- pronounced with considerable muscular tension and breath pressure, resulting in a strong fricative or explosive sound. In stressed position (p, t, k, ch, f, th, s, sh) and sometimes (h) are fortis in English as compared with (b, d, g, j, v, th̸, z, and zh), which are lenis.Compare lenis.
- a fortis consonant.
Origin of fortis
1905–10; < Latin: strong, powerful, firm
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Examples from the Web for fortis
Fortis inferred that twenty-five new species only were created at a time; a construction which the passage will not admit.Principles of Geology
In March 1905, feeling himself no longer secure, he resigned, indicating Fortis as his successor.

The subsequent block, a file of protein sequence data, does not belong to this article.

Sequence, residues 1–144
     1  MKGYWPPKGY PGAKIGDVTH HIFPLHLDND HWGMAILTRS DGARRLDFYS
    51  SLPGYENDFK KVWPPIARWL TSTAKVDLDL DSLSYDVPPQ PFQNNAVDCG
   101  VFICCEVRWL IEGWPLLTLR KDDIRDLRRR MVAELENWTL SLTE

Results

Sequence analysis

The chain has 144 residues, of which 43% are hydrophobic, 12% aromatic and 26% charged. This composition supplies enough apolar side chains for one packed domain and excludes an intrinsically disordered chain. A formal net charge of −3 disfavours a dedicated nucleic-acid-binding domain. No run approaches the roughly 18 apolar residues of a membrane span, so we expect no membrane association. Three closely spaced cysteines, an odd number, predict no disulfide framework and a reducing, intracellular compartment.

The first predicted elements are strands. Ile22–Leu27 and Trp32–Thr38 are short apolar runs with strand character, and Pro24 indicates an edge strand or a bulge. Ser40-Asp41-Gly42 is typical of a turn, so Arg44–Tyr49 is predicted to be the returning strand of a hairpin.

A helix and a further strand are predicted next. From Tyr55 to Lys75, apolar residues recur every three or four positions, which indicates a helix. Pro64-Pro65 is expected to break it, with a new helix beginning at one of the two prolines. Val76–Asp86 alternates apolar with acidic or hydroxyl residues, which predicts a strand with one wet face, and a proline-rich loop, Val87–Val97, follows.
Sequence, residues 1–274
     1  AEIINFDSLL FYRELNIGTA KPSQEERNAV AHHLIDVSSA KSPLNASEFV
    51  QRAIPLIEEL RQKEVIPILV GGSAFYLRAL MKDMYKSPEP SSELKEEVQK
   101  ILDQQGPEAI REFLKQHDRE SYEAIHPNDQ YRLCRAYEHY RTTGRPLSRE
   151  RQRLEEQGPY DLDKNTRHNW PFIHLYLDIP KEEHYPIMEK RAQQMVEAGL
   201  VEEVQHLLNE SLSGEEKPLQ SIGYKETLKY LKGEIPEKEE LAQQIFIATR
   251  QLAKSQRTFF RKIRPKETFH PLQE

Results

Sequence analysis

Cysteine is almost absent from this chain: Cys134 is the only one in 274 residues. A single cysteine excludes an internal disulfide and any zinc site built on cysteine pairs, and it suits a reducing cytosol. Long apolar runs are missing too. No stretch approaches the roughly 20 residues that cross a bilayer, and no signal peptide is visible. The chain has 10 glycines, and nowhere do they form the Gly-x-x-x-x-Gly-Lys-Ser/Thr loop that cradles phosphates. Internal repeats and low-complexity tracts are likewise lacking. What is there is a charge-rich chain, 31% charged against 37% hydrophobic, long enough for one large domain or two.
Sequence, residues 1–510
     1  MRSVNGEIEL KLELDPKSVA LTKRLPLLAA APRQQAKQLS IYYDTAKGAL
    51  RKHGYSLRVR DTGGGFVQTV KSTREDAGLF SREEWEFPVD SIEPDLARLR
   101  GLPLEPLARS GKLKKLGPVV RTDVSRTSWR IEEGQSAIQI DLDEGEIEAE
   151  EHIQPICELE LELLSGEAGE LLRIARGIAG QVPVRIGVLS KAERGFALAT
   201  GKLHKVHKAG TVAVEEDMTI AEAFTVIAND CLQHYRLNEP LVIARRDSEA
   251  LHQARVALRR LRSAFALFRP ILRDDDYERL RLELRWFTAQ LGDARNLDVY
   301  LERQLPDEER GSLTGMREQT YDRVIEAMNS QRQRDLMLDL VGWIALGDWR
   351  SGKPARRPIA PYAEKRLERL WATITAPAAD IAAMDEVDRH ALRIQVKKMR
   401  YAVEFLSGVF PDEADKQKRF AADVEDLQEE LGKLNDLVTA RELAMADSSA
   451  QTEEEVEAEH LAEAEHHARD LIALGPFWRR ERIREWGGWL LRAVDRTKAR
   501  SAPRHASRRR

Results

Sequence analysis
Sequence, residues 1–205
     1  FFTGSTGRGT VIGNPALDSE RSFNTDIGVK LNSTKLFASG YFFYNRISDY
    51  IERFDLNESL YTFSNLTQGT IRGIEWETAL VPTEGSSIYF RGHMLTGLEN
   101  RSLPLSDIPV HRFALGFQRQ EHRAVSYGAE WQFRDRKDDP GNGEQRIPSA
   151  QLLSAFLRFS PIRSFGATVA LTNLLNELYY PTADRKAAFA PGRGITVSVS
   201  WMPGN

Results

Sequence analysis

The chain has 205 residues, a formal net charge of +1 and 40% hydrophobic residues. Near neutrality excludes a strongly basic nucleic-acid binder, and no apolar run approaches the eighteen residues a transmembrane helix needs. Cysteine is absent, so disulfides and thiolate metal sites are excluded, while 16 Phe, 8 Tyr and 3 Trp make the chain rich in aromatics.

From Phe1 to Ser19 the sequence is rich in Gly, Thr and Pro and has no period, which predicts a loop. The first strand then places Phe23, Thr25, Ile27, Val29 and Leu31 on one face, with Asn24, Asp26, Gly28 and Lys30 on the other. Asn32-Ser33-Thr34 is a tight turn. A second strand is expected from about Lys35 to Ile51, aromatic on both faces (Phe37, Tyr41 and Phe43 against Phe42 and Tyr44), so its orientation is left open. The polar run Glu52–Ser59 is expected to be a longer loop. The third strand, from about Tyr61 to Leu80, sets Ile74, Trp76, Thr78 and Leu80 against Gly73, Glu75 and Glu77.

Fortis cadere, cedere non potest—A brave man may fall, but cannot yield.
Fortis sub forte fatiscet—A brave man will yield to a brave.
Thus upon a solution of Tin by Aqua fortis, there will ensue a coagulation, like that of whites of Eggs.The Works of Sir Thomas Browne (Volume 1 of 3)
- (of a consonant) articulated with considerable muscular tension of the speech organs or with a great deal of breath pressure or plosion
- a consonant, such as English p or f, pronounced with considerable muscular force or breath pressure
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